The Treaty of Windsor (1386) in a European context
By Malcolm Vale
Paper given at The Treaty of Windsor (1386) and 620 Years of Anglo-Portuguese Relations Conference, held at St. Peter´s College, University of Oxford (2006)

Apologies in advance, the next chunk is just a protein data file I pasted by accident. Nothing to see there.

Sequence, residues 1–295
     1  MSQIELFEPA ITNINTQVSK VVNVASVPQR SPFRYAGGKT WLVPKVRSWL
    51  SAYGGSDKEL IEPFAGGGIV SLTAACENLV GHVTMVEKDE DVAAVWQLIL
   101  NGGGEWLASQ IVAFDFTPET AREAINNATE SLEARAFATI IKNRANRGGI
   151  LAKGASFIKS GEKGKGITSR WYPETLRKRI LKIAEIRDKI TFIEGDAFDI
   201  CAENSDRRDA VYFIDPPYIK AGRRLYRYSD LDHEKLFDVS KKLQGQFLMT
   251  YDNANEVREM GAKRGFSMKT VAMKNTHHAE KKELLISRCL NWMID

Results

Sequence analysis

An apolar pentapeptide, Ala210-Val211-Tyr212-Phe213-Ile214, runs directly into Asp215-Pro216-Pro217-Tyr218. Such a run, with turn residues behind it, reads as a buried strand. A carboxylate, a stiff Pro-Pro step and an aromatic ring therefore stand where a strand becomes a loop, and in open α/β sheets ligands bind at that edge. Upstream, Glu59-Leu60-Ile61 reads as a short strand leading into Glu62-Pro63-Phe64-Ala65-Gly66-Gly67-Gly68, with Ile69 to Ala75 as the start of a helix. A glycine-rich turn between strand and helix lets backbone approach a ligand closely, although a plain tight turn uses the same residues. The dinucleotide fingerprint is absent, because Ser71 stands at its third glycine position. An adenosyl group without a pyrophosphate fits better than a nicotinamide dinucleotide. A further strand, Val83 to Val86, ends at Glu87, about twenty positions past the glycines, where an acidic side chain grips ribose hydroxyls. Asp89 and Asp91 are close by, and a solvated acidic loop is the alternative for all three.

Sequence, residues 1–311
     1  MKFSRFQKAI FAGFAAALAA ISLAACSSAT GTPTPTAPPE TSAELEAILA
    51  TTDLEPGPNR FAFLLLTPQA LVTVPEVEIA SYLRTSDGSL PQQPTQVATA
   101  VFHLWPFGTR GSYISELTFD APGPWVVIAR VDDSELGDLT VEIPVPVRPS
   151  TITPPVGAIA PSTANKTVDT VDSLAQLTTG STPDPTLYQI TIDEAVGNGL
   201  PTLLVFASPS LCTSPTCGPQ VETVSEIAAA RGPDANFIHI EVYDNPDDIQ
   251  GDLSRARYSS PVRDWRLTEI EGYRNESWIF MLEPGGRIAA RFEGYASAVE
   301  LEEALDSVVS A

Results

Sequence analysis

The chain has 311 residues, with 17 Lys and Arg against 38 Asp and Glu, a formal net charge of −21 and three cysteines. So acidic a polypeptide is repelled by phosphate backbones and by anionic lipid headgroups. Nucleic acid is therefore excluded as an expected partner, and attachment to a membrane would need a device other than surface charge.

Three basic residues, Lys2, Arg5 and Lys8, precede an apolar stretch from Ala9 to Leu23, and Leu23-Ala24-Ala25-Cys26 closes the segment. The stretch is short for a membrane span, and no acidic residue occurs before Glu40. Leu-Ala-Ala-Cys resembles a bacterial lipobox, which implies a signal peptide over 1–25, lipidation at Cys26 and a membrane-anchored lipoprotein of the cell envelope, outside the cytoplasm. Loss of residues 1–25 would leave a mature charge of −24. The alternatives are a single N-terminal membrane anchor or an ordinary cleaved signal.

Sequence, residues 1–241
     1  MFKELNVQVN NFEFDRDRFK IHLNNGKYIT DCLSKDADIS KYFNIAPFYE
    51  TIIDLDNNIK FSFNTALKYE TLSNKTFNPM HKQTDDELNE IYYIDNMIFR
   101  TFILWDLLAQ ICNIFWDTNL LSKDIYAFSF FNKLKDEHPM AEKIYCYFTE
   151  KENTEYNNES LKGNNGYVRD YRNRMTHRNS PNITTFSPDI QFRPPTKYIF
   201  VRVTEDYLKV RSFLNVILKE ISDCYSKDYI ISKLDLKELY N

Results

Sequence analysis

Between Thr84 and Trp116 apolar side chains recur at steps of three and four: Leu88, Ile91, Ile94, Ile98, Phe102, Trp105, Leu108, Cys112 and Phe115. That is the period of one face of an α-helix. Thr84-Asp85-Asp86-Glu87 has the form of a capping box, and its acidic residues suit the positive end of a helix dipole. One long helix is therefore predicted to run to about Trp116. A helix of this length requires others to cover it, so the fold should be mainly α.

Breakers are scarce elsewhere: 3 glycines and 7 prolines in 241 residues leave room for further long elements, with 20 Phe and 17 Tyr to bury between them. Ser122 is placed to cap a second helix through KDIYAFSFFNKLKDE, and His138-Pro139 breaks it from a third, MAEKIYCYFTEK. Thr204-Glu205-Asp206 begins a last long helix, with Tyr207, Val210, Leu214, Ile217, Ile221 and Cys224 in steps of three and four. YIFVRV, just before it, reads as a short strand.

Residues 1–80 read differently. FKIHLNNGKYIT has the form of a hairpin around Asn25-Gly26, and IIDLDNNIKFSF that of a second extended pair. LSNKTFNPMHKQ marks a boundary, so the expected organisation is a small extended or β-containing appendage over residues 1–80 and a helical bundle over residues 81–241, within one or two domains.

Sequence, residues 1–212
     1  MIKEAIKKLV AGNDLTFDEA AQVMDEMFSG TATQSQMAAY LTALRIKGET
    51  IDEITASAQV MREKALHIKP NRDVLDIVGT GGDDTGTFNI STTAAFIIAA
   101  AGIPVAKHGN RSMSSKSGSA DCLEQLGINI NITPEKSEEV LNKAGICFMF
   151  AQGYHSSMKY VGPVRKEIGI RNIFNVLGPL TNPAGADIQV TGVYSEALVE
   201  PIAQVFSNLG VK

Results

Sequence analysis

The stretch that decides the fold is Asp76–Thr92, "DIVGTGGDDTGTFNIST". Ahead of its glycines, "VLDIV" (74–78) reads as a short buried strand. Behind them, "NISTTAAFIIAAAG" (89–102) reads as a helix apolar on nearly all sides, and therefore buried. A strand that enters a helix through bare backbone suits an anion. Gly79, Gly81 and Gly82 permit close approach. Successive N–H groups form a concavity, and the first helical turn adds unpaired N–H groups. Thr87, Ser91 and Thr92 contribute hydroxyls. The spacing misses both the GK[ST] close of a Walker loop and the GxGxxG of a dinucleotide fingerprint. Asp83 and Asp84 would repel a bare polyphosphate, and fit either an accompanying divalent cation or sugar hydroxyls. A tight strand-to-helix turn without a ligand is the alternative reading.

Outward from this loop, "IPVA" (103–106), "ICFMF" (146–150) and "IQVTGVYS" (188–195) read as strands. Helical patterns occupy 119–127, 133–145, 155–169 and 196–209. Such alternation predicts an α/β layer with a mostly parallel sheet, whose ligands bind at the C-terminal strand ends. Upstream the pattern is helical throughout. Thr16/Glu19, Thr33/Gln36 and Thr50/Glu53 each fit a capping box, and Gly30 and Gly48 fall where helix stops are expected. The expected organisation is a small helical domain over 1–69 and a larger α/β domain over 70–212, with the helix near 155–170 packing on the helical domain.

Introduction: In the early evening of Monday 14 August 1385, between 6 and 7 p.m., a crushing defeat was inflicted by a Portuguese army on a numerically far superior and better-equipped Castilian force. In the short space of just over one hour, the royal standard of Castile was overthrown, and the 20,000-or-so-strong army of King Juan I disintegrated under a hail of arrows and crossbow bolts, accompanied by hewing and cleaving with swords and axes, from about 7,000 troops under King John I of Portugal. Many of those who managed to flee the field were soon to be murdered, as they tried to escape overland, by the Portuguese peasantry, so Castilian casualty figures were very high. Although the setting sun that evening was in the eyes of the Portuguese and their allies, it was also to set, metaphorically, on the ambitions of the kingdom of Castile-Leon to crush its western neighbour. The victory at Aljubarrota has been described as among the most decisive engagements of medieval warfare. The independence of the small kingdom of Portugal was thereby preserved, in the face of aggression, and probable annexation, by its larger and mightier neighbour.